- Workforce Development
Semiconductor manufacturing in the United States is experiencing a renaissance due to pandemic-related shortages causing the private sector and federal and state governments to invest heavily in increased domestic production.
Currently, 75% of the worlds semiconductors, which are an important component in chips used in a wide variety of electronic and computing devices, are manufactured in East Asia. Over the coming decade, billions of dollars of federal money and private capital will be allocated to building and operating semiconductor manufacturing facilities across the US.
Given the significant scale of these manufacturing facilities, nearby communities will be well served if they start planning now for the changes that will be coming their way, both in the short and long term. For these communities, this spending will have spillover effects into a variety of other areas, including infrastructure and municipal services, housing, and the growth of accommodations, services, and semiconductor-adjacent industries.
The impact of some of these major planned facilities include:
- Intel projects that their plant in New Albany, OH, will bring 3,000 direct jobs to the Columbus region once it has been built out, and more than twice as many short-term construction jobs. These increases are likely to lead to thousands of other supporting jobs as well. Newcomers to the region will increase demand for housing, and an already tight labor market will be stretched as industries compete for workers.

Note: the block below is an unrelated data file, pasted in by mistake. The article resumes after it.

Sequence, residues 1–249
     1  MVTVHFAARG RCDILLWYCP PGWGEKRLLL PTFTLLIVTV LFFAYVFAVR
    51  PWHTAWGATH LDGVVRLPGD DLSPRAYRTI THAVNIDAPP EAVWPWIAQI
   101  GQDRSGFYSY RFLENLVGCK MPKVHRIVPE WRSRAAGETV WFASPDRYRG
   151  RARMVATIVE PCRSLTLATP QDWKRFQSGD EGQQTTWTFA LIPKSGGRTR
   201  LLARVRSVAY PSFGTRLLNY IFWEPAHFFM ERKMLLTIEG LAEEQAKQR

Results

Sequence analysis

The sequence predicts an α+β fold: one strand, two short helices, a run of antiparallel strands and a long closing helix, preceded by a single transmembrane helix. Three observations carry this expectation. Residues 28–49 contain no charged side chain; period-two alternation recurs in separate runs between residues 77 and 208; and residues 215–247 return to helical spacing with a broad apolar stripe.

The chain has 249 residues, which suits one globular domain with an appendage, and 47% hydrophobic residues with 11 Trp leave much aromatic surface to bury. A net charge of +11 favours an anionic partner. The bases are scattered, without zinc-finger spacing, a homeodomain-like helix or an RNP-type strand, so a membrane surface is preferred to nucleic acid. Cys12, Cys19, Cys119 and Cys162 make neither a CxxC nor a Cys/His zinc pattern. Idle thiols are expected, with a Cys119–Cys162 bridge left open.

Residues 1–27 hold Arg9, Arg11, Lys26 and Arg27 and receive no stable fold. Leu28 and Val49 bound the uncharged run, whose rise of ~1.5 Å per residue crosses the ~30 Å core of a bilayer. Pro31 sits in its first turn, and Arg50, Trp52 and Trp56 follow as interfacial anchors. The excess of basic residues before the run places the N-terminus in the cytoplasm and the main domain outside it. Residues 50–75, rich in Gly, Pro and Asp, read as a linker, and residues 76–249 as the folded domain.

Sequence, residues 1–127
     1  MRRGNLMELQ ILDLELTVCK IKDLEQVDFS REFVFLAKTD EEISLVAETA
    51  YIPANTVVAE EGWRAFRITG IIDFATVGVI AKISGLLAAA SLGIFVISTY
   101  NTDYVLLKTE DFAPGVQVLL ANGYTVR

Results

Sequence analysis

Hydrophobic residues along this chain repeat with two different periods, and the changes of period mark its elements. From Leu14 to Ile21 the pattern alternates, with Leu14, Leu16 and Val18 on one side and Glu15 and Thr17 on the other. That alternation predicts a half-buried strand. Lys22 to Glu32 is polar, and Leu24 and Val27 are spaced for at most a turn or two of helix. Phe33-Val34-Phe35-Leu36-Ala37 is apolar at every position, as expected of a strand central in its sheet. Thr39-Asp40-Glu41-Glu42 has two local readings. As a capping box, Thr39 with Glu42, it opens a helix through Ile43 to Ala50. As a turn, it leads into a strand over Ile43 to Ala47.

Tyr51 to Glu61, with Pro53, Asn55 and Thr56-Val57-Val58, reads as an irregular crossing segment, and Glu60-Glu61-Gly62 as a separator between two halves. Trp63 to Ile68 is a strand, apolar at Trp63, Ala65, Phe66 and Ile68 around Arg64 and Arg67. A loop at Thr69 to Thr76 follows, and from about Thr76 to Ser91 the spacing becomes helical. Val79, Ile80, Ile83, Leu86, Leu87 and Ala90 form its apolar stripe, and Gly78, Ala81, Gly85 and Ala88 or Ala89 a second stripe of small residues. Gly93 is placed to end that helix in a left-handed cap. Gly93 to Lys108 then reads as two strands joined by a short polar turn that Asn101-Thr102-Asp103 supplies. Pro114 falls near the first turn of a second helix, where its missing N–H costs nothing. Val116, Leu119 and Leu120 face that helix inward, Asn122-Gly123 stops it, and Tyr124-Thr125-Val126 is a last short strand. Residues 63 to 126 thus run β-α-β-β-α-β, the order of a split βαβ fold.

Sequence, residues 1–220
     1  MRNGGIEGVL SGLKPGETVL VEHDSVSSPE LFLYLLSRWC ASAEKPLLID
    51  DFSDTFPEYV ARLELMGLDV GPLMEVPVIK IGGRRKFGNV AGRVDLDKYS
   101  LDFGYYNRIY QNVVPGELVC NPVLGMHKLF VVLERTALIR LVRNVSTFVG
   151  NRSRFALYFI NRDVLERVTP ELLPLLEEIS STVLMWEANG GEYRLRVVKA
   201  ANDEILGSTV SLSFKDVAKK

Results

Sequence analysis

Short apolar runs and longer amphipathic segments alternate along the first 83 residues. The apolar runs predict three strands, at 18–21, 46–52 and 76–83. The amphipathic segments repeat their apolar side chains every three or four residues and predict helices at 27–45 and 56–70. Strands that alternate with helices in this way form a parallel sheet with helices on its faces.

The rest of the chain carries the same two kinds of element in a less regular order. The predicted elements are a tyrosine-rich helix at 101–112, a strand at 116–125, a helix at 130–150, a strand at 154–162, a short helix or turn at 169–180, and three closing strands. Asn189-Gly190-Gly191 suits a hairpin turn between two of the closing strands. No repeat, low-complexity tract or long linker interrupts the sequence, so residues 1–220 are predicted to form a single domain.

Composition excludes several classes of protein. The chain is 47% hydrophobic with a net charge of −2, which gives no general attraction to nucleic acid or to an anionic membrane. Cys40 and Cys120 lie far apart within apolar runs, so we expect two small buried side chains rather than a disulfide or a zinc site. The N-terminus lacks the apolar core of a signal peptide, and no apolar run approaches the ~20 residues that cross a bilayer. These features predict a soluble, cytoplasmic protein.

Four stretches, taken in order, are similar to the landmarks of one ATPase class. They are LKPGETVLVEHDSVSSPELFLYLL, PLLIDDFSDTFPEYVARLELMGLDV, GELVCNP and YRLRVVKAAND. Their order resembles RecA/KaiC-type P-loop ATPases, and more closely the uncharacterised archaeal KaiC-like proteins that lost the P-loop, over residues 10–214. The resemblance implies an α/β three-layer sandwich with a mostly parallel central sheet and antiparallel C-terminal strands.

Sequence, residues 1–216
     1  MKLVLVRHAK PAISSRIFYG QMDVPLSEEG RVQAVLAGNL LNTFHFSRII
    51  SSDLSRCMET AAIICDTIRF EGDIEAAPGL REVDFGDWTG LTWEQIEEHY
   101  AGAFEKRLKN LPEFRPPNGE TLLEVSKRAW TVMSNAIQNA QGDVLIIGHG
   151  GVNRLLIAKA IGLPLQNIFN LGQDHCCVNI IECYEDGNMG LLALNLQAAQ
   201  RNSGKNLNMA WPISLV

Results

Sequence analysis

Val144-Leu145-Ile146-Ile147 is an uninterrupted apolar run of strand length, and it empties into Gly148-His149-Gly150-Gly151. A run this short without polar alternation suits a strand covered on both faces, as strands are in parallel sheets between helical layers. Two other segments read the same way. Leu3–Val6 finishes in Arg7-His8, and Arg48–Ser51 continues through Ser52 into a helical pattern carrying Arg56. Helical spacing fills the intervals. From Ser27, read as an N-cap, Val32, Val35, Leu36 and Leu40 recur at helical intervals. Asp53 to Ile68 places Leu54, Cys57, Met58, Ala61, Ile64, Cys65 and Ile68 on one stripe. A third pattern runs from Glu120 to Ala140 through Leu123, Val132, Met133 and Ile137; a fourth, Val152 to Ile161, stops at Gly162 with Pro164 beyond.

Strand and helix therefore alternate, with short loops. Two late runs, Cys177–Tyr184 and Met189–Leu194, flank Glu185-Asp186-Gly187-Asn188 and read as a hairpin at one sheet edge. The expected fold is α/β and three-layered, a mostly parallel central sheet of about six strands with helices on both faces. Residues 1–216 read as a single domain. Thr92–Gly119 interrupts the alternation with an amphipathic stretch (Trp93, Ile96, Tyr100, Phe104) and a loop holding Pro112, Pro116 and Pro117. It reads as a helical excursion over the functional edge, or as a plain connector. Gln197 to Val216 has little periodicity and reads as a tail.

- Micron’s build-out of multiple manufacturing facilities in Onondaga County, NY, is projected to bring nearly 40,000 jobs to the region by 2055. The investment in these facilities and associated growth will have significant implications for regional population, employment, economic activity, and state and local revenues.
- In Phoenix, AZ, the Taiwan Semiconductor Manufacturing Co. is spending $40 billion on growing its presence in the area and creating two new facilities, which are projected to bring 2,500 new direct jobs and tens of thousands of additional jobs in construction and chip-related industry employment. Given the presence of other semiconductor and chip manufacturers in the region, this will continue to drive growth in the Phoenix metro area, which has seen rapid increases in population over the past two decades.
Municipalities and industries that get in front of these changes and associated planning needs will be well-positioned in the coming years to maximize economic vitality.
Do you need assistance creating an economic development plan or strategy that addresses semiconductor workforce development? Camoin Associates can help. Learn more about our consulting services.